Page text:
At least two people were killed when a storm with high winds and heavy rains pelted central Texas on Friday, flooding highways, causing evacuations after rivers overflowed and spawning tornadoes that ripped through buildings outside San Antonio.
The body of one man swept away by raging waters when his vehicle was caught southeast of Austin has been recovered, a Travis County emergency official said, adding one elderly woman was still missing.
Near San Antonio, U.S. Army officials said the body of an individual, who was washed downstream when a vehicle was picked up by fast moving flood waters, was found on Friday afternoon on Camp Bullis. The names of both victims have not been released.
There were more than 40 high-water rescues in the area with about 13 inches (33 cm) of rain falling within a few hours in parts of the region south of the state capital of Austin, officials said.
Some area rivers hit record flood peaks, the U.S. Geological Survey said, adding the levels began to drop from Friday afternoon.
More than 200 low-water crossings were closed due to the storm, which hit in the same area where flooding in late May caused more than 20 deaths.
The Austin Fire Department responded to about 500 calls for help while some residents in the nearby city of San Marcos were told to boil water for safety.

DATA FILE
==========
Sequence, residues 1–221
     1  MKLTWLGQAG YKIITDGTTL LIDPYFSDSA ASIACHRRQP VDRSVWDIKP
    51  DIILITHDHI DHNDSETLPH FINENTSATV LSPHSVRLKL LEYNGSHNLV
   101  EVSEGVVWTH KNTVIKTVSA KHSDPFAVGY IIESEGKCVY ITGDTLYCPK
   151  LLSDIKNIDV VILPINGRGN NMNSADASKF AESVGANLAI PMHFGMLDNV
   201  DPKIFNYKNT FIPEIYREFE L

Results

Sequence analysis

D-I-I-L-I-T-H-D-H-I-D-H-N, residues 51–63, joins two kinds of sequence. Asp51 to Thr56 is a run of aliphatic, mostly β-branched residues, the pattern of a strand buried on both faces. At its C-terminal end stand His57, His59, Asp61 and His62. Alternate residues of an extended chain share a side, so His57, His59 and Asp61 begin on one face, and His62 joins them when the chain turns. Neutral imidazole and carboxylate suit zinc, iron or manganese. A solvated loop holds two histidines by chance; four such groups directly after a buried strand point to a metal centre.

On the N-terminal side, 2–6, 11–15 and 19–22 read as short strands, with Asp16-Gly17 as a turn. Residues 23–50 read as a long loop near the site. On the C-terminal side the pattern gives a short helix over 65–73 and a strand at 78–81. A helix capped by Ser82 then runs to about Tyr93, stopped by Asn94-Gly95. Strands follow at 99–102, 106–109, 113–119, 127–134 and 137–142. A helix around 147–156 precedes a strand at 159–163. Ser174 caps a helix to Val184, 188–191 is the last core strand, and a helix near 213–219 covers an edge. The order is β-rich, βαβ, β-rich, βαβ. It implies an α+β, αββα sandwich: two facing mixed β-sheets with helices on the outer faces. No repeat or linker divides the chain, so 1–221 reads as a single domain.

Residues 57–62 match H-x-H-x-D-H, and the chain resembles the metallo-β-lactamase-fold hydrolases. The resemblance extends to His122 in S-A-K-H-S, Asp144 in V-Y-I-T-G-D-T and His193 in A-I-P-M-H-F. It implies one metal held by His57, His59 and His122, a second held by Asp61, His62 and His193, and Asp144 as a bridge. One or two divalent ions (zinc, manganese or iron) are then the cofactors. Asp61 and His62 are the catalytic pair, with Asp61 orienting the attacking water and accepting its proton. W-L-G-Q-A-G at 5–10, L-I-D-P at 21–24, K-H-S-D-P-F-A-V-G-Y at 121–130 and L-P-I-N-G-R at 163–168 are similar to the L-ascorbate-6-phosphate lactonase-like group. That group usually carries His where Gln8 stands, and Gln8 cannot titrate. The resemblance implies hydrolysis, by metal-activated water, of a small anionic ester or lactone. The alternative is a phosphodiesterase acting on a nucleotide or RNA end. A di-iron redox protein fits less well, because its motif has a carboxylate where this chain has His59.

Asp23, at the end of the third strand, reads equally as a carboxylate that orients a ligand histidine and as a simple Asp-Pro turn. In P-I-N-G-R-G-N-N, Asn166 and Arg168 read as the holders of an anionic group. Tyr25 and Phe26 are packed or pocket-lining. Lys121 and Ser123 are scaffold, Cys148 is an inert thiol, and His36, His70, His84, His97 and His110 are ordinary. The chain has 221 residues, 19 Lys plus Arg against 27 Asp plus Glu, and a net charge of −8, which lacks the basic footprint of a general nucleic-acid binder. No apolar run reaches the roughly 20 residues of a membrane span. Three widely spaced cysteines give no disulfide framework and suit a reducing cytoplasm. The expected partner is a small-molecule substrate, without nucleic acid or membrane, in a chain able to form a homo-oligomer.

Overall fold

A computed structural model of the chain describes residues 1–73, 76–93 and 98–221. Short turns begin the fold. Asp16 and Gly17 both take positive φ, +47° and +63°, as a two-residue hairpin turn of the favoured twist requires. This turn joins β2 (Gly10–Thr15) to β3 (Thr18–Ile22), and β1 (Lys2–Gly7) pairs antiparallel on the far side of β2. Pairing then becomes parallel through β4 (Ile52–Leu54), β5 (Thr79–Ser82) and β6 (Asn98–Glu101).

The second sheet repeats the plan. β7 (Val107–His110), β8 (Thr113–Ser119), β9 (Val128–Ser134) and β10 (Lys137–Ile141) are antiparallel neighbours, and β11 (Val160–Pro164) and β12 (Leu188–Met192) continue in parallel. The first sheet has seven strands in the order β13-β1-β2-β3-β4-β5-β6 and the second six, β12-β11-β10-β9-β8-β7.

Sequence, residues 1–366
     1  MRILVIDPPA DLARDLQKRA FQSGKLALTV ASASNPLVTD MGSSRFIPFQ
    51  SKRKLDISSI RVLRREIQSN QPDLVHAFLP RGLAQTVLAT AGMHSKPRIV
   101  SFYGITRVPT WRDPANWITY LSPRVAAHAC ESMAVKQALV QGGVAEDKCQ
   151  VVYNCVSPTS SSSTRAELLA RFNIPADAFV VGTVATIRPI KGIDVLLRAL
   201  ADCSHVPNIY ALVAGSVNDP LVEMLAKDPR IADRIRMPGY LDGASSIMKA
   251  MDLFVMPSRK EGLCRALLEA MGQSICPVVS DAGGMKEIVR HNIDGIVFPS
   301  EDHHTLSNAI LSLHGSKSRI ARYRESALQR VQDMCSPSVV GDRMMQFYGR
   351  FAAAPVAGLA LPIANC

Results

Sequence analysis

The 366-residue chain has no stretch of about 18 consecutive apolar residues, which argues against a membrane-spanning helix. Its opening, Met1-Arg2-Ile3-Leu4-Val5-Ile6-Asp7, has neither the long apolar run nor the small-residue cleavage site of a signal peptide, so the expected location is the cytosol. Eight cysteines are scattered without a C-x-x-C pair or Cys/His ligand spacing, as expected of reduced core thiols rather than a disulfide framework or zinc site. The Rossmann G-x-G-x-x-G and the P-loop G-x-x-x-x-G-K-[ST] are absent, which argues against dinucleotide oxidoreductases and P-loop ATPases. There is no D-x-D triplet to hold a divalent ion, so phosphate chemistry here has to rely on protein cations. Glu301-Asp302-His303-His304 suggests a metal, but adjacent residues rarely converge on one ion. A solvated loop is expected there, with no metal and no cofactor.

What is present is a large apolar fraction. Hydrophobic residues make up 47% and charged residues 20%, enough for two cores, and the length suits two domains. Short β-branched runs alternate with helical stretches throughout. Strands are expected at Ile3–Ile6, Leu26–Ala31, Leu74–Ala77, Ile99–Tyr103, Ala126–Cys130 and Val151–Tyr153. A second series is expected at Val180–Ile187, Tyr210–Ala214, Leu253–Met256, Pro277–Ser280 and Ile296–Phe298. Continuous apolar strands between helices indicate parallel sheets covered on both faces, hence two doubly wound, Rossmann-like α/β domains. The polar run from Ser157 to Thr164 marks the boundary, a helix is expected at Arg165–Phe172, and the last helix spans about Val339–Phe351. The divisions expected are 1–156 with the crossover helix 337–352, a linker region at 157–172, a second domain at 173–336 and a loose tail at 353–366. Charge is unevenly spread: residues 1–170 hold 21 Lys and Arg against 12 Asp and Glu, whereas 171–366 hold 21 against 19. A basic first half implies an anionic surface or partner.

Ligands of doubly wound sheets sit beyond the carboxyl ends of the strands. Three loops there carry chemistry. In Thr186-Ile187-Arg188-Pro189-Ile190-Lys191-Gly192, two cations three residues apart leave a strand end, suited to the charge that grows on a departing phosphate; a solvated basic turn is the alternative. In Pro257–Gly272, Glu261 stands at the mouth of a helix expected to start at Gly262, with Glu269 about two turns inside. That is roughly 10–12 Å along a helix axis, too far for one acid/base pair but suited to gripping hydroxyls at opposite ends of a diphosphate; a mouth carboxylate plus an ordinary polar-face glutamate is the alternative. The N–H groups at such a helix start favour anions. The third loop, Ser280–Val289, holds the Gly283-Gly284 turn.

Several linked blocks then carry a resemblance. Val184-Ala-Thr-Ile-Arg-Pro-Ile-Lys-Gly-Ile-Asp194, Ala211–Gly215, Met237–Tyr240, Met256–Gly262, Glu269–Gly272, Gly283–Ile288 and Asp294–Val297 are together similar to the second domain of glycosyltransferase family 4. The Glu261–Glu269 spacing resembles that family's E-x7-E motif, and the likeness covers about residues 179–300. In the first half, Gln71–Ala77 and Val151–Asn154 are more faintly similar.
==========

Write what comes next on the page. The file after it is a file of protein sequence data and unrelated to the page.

Hays County issued evacuation orders and set up shelters for hundreds along the Blanco and San Marcos rivers, two waterways hard hit by the May floods.
In Floresville, about 30 miles (48 km) southeast of San Antonio, a high school wall was ripped apart by high winds that also tossed a recreational vehicle trailer onto the roof of a hotel, TV video from the area showed.
“I am seeing the tires from the trailer on the roof of the Holiday Inn Express,” Floresville resident Donna Rudolph-Miller told reporters.
In Seguin, east of San Antonio, about 20 structures were damaged and five homes destroyed, city officials said.
The storm caused operations to halt for several hours at Austin’s main airport. The ground floor of the Austin Air Traffic Control Tower and Terminal Radar Approach Control facility was flooded by approximately six inches (15 cm) of water during the storm, airport officials said.
SOURCE: Reuters, Jon Herskovitz